The SMB’s compass to digitalization  

2 min

Updated on Apr 18, 2024

Published on Jul 6, 2022

How Covid has accelerated business digitisation

How Covid has accelerated business digitisation
Thomas Choukroun

Thomas Choukroun

Content Manager @Yousign

Illustration: Gawon Lee


Within a few short months, the Covid crisis compelled French and global companies to bring about levels of change that might otherwise have taken years to implement. Changes in the way employees interact and the way companies conduct their business, such as remote working, virtual meetings, widespread digitisation and increasing migration. So are these changes set to have lasting implications for companies?
As we (finally?) start to see light at the end of the tunnel, a survey conducted by McKinsey & Company has examined the effects of the Covid crisis across different continents. And its findings are quite edifying.

An acceleration in the digitisation of customer interactions

Interactions with customers are naturally the first to be affected by the accelerated pace of digitisation.
During the Covid-19 pandemic, consumers turned in their droves to online purchasing, with most physical stores forced to close.  To meet this demand, large numbers of companies had to adopt digital channels to interact with their customers. In Europe, the majority of customer interactions (55%) are now digital. 

An acceleration in the digitisation of customer interactions

These figures make for a striking comparison alongside the other continents surveyed and also the years pre-Covid.
In terms of their rate of change, the European companies surveyed are clearly leading the pack, with an average increase of 71% compared to December 2019.This also shows that their rate of adoption is three years ahead of pre-pandemic forecasts.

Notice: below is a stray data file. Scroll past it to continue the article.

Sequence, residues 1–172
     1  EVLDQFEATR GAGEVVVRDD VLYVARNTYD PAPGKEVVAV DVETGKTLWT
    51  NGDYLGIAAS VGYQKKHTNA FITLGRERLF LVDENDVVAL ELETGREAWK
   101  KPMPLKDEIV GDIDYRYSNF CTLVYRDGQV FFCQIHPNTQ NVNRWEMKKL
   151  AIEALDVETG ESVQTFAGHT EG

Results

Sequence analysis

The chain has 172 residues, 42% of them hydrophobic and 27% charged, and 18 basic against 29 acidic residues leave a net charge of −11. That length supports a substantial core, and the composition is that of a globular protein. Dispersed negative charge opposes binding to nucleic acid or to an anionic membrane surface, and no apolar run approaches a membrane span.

A boom in digital offerings

The fastest developing business area, and that representing the greatest leap forward, is digital products and services. 

Cause and effect dictates that the more consumers seek out digital products and services, the more companies will multiply their efforts.

A boom in digital offerings

It follows that most companies reported a seven-year increase compared to pre-pandemic estimates.  These findings suggest that companies are likely to have refocused their offerings during the pandemic, rather than make huge leaps in product development in the space of a few months.

Disparities across sectors

This accelerated pace, however, is not necessarily consistent across all sectors.

  • In industries with no, or few, digital products even before the pandemic (automotive and assembly in particular), the digital product portfolio is relatively unchanged.
  • By contrast, there is a substantial increase reported in the healthcare, professional services and finance sectors.

Biggest changes also most likely to remain in the long term

With the worst of the pandemic now (hopefully!) behind us, we now need to consider how long-lasting these changes are likely to be. 

The three most significant changes reported by survey respondents were: 

  • the increase in remote working
  • changing customer needs
  • online customer interactions.

These three shifts are seemingly those reported most frequently and also those most likely to remain. The survey did indeed evidence that respondents are more than twice as likely to believe that these changes will endure even after the pandemic is over.

Biggest changes also most likely to remain in the long term

Some companies have already earmarked funds for data security and cloud migration. This expenditure represents a commitment on the part of companies to develop digital well beyond the current health crisis.
The pandemic has had, and continues to have, a disastrous impact on both a human and economic level. It has also forced companies to project further ahead and to focus on their digital transition. The survey evidences the tremendous ability of companies to adapt, having implemented change 20 to 25 times faster than previously anticipated.
In the case of remote working, survey respondents reported that their companies acted 40 times more quickly than they had thought possible before the pandemic. Some companies reported that it would have taken a year to introduce widespread remote working before the pandemic. When Covid struck, it took an average of just 11 days to set up remote working at scale.

Biggest changes also most likely to remain in the long term

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